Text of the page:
He meant ‘good’ not in terms of job losses, or financial stagnation, but ‘good’ in what could come from it. Always look at the positive, and it might bring you opportunity, and whilst I had been made redundant (and that was a bad thing) it had saved me from stagnation, and mediocrity…

So onto my “red herring of a question”, of whether Doug believes entrepreneurship can be taught. Doug devised the social enterprise, School for Startups as a means to teach and train entrepreneurship and entrepreneurial skills to young and potential entrepreneurs who had innovative ideas but not the knowledge or learnt skills to take their ideas forward.  But he cannot understand why the entrepreneurial community gets so caught up in working out if Entrepreneurship can be taught, or if it is just something you are born with, and he a good analogy to explain why:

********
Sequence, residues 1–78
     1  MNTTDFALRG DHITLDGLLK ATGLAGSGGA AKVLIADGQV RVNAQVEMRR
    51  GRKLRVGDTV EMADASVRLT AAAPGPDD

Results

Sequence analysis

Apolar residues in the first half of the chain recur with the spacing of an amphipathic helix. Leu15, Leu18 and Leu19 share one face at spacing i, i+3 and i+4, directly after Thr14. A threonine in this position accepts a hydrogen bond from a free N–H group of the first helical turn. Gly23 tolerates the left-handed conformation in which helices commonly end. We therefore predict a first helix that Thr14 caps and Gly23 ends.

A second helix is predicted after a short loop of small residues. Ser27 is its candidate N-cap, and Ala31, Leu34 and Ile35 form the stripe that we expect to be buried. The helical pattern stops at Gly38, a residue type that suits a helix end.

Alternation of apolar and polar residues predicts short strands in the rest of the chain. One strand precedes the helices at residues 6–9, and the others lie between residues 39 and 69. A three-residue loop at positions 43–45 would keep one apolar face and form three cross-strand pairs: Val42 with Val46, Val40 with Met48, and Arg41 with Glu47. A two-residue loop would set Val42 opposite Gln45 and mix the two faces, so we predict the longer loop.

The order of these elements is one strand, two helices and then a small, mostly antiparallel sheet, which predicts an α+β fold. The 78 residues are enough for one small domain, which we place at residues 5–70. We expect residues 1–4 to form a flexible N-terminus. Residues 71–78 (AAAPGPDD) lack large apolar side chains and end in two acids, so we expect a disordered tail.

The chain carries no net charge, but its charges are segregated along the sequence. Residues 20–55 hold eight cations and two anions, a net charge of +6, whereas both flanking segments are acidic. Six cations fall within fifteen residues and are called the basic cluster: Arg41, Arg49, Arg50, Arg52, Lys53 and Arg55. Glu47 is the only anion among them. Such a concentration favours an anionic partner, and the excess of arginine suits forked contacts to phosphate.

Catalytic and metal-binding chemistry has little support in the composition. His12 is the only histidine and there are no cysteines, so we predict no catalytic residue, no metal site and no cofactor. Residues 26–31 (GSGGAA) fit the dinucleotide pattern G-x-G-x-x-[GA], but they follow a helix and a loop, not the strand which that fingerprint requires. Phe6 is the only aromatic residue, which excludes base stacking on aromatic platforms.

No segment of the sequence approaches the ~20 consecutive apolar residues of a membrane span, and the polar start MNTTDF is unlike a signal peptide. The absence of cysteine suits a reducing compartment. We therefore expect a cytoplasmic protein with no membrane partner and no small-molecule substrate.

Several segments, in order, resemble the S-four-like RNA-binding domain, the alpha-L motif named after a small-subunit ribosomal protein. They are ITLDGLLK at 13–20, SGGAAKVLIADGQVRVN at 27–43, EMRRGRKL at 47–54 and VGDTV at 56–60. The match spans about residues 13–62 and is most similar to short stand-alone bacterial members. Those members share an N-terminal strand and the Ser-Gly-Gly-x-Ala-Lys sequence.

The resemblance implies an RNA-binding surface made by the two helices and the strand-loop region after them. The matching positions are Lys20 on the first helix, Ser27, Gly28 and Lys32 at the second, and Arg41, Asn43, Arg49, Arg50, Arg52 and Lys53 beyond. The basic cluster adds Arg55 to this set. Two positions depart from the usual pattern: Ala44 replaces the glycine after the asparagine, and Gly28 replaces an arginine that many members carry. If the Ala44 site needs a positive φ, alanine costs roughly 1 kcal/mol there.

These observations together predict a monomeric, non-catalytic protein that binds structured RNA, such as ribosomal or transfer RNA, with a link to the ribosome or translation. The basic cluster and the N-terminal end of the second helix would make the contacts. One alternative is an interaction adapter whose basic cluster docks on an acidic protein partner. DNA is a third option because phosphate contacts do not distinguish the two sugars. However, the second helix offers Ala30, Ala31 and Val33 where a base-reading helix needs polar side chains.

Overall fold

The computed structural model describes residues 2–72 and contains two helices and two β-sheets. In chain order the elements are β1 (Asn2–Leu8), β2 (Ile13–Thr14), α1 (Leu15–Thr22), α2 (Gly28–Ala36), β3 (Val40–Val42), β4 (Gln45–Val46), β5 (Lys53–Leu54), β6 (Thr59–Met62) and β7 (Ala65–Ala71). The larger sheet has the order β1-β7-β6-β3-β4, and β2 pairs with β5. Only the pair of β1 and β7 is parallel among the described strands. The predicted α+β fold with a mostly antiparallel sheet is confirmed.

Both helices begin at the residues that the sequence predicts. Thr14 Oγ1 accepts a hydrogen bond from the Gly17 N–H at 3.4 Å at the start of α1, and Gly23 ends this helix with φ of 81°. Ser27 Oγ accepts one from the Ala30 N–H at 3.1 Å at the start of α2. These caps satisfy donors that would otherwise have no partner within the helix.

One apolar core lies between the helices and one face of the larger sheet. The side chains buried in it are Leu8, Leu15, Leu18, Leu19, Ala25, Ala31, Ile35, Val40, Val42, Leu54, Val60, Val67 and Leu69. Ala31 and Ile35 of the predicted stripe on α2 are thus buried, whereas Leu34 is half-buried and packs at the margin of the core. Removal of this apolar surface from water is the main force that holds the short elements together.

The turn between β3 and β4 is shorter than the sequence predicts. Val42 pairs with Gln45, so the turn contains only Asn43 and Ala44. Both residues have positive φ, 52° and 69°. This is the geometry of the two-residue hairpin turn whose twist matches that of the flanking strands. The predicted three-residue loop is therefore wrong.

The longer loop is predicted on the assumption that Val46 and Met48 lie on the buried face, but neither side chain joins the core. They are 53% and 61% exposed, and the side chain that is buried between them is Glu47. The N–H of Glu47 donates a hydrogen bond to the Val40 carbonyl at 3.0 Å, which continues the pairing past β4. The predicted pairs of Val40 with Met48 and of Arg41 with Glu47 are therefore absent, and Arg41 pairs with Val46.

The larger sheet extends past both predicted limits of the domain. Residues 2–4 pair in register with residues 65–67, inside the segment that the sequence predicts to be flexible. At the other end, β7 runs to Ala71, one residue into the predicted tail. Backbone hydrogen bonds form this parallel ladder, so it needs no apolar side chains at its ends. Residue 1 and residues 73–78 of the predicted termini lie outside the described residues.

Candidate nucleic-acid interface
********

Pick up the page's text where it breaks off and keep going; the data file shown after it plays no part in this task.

“You can teach most people the basics of how to play the violin, but that does not mean everyone can become a world class violinist. It is the same as entrepreneurship, you are just giving people the opportunity to learn the skills they need, so they can potentially use the talents they may have.” 

Doug has lived in the UK for many a year and I couldn’t avoid asking his about his time on the UK’s
Dragon’s Den – Doug appeared in the first two series and is well-known for only investing in two businesses in the first series and not one in the second. How did he find the experience?

“In the first few series, it appeared much less scripted and to be honest, I didn’t realise how big the program would become. It was an entertaining experience and I enjoyed my time on the show.”

Without putting words in Doug’s mouth, he only invested in businesses that he would have in the ‘real world’ and as we can all probably appreciate, as the show became bigger, it was obvious that investments need to be made to keep the shows overall appeal going.